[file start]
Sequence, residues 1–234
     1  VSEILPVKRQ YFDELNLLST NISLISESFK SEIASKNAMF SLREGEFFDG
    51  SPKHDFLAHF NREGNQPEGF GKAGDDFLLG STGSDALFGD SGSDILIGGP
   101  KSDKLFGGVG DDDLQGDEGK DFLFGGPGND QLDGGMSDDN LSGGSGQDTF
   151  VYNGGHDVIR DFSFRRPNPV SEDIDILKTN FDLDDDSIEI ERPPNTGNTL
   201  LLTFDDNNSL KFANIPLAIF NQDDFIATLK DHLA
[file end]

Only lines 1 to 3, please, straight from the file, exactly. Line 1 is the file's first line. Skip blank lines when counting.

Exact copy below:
Sequence, residues 1–234
     1  VSEILPVKRQ YFDELNLLST NISLISESFK SEIASKNAMF SLREGEFFDG
    51  SPKHDFLAHF NREGNQPEGF GKAGDDFLLG STGSDALFGD SGSDILIGGP